Editorial: Scapegoating Inmarsat

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An Israeli human rights group is out of bounds with its threat of legal action against Inmarsat for what it says is the satellite operator’s support for suspected terrorist organizations. The very suggestion, which rests on a flimsy legal foundation, is both unfair and unseemly.

At issue is the use of Inmarsat satellite links by a flotilla being organized by pro-Palestinian activist groups to deliver supplies to the Hamas-controlled Gaza Strip in defiance of an Israeli naval blockade. These same groups launched a similar flotilla from Turkey last year with disastrous results: Israeli naval commandos boarded some of the ships, encountered violent resistance aboard one — the Turkish-flagged Mavi Marmara — and nine activists were killed in the ensuing melee.

In a June 6 statement, the Shurat HaDin, or Israel Law Center, announced it had warned Inmarsat executives in London and Washington that the company could be “liable for massive damages and criminal prosecution” if it provides communications services to ships in the upcoming flotilla, whose organizers include the Turkey-based IHH Humanitarian Relief Foundation. Without Inmarsat links to port authorities, these ships cannot sail, the Israeli group noted.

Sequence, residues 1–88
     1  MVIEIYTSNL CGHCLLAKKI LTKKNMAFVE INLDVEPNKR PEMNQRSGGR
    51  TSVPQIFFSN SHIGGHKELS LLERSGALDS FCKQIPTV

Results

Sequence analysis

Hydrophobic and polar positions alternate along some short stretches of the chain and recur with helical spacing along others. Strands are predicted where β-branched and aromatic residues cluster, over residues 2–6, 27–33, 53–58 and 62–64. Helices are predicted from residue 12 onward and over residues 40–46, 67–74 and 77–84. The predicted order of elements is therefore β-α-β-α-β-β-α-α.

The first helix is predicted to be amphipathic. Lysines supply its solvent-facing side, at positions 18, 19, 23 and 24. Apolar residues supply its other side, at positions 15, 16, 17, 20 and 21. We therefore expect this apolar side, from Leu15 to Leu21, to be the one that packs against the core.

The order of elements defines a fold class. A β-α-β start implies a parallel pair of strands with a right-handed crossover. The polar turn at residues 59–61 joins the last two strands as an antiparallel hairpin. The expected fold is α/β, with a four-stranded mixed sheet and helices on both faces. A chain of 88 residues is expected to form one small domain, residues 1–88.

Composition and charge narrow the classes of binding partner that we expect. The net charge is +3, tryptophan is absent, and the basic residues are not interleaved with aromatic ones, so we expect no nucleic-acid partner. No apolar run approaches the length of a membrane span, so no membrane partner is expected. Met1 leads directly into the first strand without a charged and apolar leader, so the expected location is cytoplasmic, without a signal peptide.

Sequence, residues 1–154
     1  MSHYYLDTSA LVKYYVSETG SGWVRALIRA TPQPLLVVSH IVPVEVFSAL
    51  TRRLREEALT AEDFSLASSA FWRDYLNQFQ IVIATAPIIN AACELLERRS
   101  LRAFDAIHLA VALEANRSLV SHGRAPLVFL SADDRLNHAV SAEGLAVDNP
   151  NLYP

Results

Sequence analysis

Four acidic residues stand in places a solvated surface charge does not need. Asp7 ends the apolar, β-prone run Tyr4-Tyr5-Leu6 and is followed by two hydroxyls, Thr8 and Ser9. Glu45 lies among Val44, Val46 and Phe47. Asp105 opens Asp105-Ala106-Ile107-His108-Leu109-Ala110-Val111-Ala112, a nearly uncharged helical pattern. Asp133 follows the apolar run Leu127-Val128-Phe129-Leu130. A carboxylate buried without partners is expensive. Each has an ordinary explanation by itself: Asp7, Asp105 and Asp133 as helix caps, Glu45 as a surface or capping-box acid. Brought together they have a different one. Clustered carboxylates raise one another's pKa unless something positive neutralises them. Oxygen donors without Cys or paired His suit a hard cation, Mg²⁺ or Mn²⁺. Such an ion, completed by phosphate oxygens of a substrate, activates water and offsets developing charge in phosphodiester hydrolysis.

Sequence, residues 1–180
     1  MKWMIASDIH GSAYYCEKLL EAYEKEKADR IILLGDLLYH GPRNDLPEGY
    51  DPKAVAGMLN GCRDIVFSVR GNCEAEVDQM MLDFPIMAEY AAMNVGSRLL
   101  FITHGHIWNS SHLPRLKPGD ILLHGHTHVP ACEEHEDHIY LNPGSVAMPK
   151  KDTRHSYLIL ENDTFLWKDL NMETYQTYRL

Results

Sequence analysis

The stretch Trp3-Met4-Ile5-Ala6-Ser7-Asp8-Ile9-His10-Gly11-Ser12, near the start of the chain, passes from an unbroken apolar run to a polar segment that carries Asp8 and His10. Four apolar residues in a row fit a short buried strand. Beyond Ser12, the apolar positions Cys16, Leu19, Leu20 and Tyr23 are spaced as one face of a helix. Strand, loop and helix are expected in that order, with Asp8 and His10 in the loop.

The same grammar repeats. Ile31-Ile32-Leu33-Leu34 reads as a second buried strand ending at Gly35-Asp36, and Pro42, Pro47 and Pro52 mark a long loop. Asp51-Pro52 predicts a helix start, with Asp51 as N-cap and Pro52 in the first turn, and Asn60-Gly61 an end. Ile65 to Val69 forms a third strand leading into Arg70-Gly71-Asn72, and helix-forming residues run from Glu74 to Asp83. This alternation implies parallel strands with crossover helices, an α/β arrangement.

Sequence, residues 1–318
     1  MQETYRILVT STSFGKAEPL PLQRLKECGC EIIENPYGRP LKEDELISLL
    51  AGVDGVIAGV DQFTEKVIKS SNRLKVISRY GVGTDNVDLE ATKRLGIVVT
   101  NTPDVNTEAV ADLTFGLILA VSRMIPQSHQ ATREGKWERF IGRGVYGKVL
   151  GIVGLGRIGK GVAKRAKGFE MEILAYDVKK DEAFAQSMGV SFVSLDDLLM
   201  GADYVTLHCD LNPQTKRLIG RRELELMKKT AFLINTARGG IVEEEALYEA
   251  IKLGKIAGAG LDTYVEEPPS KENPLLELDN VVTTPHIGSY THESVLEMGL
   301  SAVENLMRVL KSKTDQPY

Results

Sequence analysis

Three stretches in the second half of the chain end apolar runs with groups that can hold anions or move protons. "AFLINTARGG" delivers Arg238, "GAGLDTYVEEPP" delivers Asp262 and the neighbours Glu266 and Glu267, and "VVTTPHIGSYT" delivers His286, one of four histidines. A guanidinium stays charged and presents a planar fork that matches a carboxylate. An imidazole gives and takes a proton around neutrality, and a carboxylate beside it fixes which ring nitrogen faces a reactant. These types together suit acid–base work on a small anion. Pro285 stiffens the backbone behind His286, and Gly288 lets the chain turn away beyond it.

Hamas is classified by the United States, Israel and others as a terrorist organization, and herein lies the legal basis for Shurat HaDin’s threat; U.S. law bars the provision of material support to such groups. In its statement, the Israeli group said it warned Inmarsat “that under U.S. law, Inmarsat and [its] officers will be open to charges of aiding and abetting terrorism if it provides satellite services to the Gaza-bound ships.”

Words like those are designed to get someone’s attention, but the argument is a stretch, to say the least. As Inmarsat points out, the ships involved in the May 2010 Gaza Freedom Flotilla were neither owned nor operated by Hamas but by outside organizations like IHH, which though labeled by Israel as a terror group carries no such designation in the United States.

Moreover, Inmarsat is a wholesaler that typically does not deal directly with the end-user of its services; the company is not in position to police or otherwise micromanage the activities of its resellers, never mind the end users.

With Israel determined to maintain and enforce the Gaza blockade, the upcoming flotilla will certainly create a volatile situation. It is up to the Israeli military authorities on one hand and the pro-Palestinian activists on the other — not Inmarsat or any other provider of widely used maritime services — to prevent a repeat of last year’s violence. The company is absolutely correct in refusing to be browbeaten into submission in this matter.